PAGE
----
As we move on from the Executive Council section of the Blue Book, we come to the reports from the Councils of Advice, one for the President of the House of Deputies (PHOD) and one for the Presiding Bishop (PB)... both of these reports are short enough to combine them into one essay.

Summary of the Reports
The two highest officers of our church are the PHOD and the PB. I would say they are the highest officers because each one presides over one of the houses of our General Convention, but the work each does is remarkably different.

The report for the Council of Advice to the PHOD notes in the mandate that the President is authorized to appoint an advisory council, which means it is not a required act. I don't know if every PHOD has appointed one, but my hunch would be they have. The first five members are largely ex officio due to their roles in the House of Deputies. Of the remaining eight, four are clergy (one of those four being a bishop) and four are laity. Of the laity, two are lawyers. Their report largely just acknowledges that they met four times in 2016–2017, leaving one to assume they will likely meet twice in 2018. Each meeting is budgeted to cost roughly $16,000 (or a little more than $1,200 per participant). For lodging and travel, that sounds about right.

Though the canons are the mechanism through with the PHOD Advisory Committee is created, the Rules of the House of Bishops require one be created for the PB. That Committee is also not appointed by the PB, rather, it is ex officio, with one bishop from each province (either the President of the Province of the Vice-President of the Province). Through the end of 2017, this Committee had met seven times, once at each of the meetings of the House of Bishops. Since they meet during House of Bishops gatherings, this Committee also has no separate travel budget of its own.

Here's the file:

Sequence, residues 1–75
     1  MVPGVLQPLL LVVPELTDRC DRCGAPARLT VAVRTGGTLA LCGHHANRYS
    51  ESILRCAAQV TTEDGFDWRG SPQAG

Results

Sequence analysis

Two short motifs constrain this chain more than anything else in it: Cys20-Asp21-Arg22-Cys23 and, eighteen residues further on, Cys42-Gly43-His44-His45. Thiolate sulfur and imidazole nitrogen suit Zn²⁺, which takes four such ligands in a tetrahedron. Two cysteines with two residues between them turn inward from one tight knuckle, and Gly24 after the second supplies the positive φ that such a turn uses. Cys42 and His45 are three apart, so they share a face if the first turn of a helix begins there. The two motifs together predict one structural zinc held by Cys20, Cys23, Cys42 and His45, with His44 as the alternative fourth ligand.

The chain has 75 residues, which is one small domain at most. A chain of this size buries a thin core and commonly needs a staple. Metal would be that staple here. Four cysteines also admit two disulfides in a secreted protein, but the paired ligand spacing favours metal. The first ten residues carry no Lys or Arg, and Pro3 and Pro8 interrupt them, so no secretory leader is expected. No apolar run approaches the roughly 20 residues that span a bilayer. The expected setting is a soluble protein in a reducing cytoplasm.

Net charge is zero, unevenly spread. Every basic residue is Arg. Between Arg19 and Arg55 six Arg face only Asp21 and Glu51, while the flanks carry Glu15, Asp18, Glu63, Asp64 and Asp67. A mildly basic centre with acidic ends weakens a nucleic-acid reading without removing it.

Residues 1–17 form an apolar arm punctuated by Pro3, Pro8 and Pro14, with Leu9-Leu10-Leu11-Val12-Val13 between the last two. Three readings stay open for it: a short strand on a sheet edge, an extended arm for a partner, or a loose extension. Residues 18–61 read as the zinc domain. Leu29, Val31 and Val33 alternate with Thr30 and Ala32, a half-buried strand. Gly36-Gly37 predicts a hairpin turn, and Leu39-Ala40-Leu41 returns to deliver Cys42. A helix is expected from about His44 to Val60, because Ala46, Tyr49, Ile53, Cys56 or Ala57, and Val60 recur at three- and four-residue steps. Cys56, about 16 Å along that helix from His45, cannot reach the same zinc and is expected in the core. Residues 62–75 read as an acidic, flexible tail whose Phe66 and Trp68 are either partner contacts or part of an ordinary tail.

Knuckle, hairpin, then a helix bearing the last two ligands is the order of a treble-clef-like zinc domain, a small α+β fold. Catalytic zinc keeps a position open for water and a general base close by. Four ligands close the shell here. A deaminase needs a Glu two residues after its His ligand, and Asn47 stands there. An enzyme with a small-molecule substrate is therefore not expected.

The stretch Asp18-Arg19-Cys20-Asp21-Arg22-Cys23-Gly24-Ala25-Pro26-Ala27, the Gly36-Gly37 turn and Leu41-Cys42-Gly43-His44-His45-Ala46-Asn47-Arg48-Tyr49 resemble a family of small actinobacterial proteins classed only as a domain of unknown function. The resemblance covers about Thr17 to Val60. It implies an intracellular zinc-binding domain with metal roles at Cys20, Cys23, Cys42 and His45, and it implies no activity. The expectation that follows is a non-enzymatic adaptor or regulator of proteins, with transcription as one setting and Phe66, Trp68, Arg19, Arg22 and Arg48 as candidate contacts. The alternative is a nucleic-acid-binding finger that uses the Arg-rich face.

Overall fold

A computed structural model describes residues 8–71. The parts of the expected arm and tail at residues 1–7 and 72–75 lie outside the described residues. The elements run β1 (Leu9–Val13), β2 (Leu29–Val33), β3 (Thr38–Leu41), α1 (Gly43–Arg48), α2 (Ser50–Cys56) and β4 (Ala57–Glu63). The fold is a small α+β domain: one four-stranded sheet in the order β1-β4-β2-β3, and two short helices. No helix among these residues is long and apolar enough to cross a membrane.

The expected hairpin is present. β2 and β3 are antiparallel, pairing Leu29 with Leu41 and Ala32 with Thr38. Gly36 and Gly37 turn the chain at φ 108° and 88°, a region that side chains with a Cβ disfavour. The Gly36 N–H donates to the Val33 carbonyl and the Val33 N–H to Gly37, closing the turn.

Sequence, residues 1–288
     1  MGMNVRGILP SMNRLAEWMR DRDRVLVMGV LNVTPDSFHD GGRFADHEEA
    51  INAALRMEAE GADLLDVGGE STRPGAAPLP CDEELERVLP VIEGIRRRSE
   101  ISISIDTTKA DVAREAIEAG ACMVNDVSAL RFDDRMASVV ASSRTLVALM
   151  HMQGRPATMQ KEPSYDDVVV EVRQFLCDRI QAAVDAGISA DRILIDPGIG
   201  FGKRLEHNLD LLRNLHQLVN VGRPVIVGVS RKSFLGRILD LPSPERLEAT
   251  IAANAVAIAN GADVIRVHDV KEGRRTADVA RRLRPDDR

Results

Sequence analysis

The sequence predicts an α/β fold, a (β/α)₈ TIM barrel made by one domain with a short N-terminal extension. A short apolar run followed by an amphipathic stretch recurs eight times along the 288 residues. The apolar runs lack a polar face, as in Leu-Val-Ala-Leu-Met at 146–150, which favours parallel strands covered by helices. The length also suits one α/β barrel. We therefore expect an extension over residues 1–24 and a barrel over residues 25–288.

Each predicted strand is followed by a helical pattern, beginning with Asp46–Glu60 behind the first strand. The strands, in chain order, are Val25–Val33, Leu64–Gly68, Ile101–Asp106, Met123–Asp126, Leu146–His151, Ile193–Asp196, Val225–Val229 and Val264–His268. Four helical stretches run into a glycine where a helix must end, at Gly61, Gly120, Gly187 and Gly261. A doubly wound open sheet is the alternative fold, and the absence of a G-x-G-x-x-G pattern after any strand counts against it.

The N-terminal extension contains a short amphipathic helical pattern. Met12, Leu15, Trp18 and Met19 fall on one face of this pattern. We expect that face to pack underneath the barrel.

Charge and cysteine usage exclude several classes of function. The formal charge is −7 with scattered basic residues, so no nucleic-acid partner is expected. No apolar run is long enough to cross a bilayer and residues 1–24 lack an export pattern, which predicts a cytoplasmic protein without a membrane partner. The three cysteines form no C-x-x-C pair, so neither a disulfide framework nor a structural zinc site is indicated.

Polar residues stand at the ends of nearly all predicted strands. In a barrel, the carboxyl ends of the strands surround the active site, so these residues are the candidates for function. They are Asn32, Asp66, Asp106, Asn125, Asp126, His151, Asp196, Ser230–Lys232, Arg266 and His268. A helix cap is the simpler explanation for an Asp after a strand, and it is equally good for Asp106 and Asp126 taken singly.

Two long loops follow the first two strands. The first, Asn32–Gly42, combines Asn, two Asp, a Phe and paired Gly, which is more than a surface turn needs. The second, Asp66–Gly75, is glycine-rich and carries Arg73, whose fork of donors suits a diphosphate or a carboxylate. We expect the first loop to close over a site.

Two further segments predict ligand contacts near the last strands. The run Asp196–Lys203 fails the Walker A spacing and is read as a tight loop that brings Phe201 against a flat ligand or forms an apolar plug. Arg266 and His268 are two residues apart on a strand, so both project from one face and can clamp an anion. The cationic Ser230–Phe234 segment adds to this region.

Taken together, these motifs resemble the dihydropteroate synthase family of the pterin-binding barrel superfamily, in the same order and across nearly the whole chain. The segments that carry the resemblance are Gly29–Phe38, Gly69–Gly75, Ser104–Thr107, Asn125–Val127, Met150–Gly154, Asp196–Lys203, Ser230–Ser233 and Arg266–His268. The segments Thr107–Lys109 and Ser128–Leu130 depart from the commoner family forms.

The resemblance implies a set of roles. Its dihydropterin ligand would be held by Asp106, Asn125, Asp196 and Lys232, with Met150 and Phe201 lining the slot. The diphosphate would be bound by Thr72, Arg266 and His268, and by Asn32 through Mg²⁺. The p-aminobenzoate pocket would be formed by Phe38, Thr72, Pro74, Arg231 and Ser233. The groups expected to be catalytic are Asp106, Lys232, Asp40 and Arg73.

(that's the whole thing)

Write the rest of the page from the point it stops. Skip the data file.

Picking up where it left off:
Reactions to the Reports
With reports as sparse as these ones, it is hard to know much of what these committees do when they meet and whether or not it his helpful to the PHOD/PB and the life of the church.

Nearly $100,000 to get people together twice-a-year to give the PHOD advice seems like a lot of money for something I find hard to imagine is that essential to that ministry (particularly because I personally am not a big believer in a large role for the PHOD outside of General Convention and Executive Council Meetings)....  However,  I am the first to say I don't know what the PHOD actually carries on her plate in the current structure of that office. So if she finds this helpful, I wouldn't speak against it.

The Council of Advice for the PB clearly functions differently, likely keeping the PB engaged in what is going on in each of the nine provinces of our church while also being a pretty good group of bishops for the PB to take counsel with when he needs advice. With no real added cost to this group's existence, it doesn't raise my eyebrows like the one for the PHOD does.

Note: You can click here for a list of all Blue Book Reports & Resolutions that have thus far been reviewed.